Of course, there’s still a chance that the Yankees could be looking for a new manager soon.  Never a dull moment in Major League Baseball.

Credit:  NY Daily News: Andrew Savulich / TNS

Have a great Saturday!  Bring home the AL Championship, Guys!  Thumbs down, you got this!  Go Yankees!

Advertisements

How to Judge a Four-Run Deficit…

Credit:  Andrew Savulich-NJ Advance Media for NJ.com

American League Championship Series

Yankees 6, Astros 4…

Series tied, 2-2

The 2017 Yankees seem to thrive in the face of adversity. Down by four runs and facing a potential 3-1 disadvantage in the ALCS, the young Baby Bombers rose up and snatched victory from the jaws of defeat.  

The game was expected to be a pitching duel between Sonny Gray and Lance McCullers, Jr but then again, with the exception of Monday night’s game, every game has featured stellar starting pitching. Former Yankee Carlos Beltran picked up the game’s first hit when he doubled to the right field wall off Yankees starter Sonny Gray with two outs in the second inning. Fortunately, he didn’t get to experience third base but the early goings of the game saw a few runners left stranded. All dressed up and nowhere to go.

I knew that Lance McCullers, Jr was going to be tough on the Yankees. Despite his inconsistent year, he has generally been very strong when facing his dad’s old club.  

The bottom of the 4th brought an interesting play albeit with no runs for the Yankees. Aaron Judge walked to start the inning for the Yanks. With one out, Gary Sanchez flied out to right. On El Gary’s fly, Judge was running with the pitch. He turned after running past second and ran back to first after realizing the ball had been caught but was called out as he slid back into the bag. The Yankees challenged the play which confirmed Judge’s foot had reached the base before the ball, however, when Judge was at second and passed the bag, he did not re-step on the bag on his way back to first. As the Astros prepared to throw to second as a follow-up to the challenge play at first, Judge made the break for second. The Astros threw Judge out on the play but, technically, he was out for that “misstep”, ending the inning. A lesson learned for the big guy.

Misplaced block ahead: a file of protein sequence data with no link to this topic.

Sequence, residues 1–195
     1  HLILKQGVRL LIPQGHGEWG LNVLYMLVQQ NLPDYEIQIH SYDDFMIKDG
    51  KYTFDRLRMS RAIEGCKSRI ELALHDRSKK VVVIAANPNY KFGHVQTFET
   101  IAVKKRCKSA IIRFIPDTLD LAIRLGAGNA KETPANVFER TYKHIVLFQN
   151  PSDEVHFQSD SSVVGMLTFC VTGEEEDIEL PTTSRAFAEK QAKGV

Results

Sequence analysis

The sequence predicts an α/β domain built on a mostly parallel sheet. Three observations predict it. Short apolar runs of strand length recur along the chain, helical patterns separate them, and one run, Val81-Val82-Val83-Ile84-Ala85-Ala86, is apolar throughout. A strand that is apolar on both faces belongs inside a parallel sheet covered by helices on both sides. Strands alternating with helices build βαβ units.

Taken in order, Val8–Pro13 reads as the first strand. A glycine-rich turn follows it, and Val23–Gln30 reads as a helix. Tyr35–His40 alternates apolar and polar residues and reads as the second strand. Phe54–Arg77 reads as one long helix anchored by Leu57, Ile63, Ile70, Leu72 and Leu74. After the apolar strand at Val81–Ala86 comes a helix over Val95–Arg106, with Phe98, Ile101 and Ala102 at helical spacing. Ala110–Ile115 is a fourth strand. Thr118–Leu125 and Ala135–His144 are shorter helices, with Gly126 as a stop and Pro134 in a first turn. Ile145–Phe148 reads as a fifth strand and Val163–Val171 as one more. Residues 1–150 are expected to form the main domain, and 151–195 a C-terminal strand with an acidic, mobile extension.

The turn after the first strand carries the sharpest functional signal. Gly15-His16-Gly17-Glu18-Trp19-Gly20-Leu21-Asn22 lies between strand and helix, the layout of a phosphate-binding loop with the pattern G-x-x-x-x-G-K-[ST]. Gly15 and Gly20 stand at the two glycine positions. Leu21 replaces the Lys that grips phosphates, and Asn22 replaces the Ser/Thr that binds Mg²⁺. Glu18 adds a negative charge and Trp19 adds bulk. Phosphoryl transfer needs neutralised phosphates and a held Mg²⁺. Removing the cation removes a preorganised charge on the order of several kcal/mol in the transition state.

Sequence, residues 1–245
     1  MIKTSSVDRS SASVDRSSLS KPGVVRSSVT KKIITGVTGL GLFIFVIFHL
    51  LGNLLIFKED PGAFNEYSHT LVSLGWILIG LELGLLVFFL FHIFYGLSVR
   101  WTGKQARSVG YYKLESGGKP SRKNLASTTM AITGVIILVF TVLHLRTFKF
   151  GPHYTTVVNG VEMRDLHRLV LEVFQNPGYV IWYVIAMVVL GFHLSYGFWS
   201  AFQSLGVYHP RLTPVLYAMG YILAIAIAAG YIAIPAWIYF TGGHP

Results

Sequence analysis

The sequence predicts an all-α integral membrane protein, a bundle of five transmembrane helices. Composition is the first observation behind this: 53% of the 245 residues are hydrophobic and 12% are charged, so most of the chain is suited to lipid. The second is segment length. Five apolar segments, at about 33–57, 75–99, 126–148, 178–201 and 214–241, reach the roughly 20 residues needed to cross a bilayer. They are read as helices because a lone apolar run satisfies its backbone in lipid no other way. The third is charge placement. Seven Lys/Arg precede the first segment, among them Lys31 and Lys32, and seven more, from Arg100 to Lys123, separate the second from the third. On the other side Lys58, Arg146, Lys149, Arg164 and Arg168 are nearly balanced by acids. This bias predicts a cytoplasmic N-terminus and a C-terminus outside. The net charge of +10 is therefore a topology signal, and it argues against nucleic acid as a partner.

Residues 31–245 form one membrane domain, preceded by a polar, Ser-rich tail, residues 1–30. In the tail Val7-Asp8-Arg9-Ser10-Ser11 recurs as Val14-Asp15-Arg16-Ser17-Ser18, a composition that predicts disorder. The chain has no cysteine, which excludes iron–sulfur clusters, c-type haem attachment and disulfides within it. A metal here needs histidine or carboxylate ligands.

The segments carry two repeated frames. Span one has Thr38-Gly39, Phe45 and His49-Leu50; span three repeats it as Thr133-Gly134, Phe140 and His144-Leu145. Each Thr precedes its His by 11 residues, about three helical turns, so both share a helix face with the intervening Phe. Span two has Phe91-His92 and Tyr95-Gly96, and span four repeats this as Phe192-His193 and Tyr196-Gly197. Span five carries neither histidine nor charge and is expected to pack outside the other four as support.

Credit:  Michael Ciaglo-Houston Chronicle

Poor Sonny Gray. The guy never gets any run support and Tuesday was no exception. The game entered the sixth inning still scoreless for both teams.  After Gray walked George Springer, Gray’s former Oakland teammate Josh Reddick reached base on catcher’s interference by Austin Romine (much to Romine’s chagrin). Despite allowing only one hit up to that point, Manager Joe Girardi made the decision to pull Gray one pitch into the next at-bat (Jose Altuve), a ball in the dirt, and replaced him with David Robertson.  

Credit:  Michael Ciaglo-Houston Chronicle

D-Rob walked Altuve which loaded the bases with no outs. After striking out Carlos Correa for the first out, Yuli Gurriel cleared the bases with a double down the line, just inches past the glove of the diving Todd Frazier at third, to the left field corner. Brett Gardner threw the ball in to Didi Gregorius and the Yankees were able to catch Gurriel between second and third for an out. Alex Bregman subsequently grounded out to third to end the inning for the Astros, but they had taken a 3-0 lead.

Chad Green replaced Robertson in the top of the 7th inning. He struck out former Yankee Carlos Beltran for the first out, but then gave up a double to right center by Marwin Gonzalez. Brian McCann hit a grounder to second baseman Starlin Castro in shallow right but the ball ate up Castro for an error, allowing McCann to safely reach base. Gonzalez scored on the play to increase Houston’s lead to 4-0. George Springer hit a grounder to third that Todd Frazier turned for a double play, second to first, to avoid further damage and send the game to the bottom of the 7th.

Trailing by four runs with Lance McCullers, Jr pitching a shutout, Aaron Judge stepped to the plate. Judge hammered McCullers’ first pitch over the wall in center field into Monument Park for a home run.  The Yankees were on the board.

Credit:  Howard Simmons-New York Daily News

The Astros still held a 4-1 lead, but McCullers was finished. The Astros brought in Chris Devenski to face Didi Gregorius.  Didi tripled to the left-center field wall. Gary Sanchez was next and he hit a sacrifice fly to right to score Didi. The Yankees had closed the deficit to two runs.  Greg Bird walked to finish Devenski’s stay and Joe Musgrove came in to retire Starlin Castro and Aaron Hicks. Still, the Yankees had chipped away and their bats were starting to show signs of life.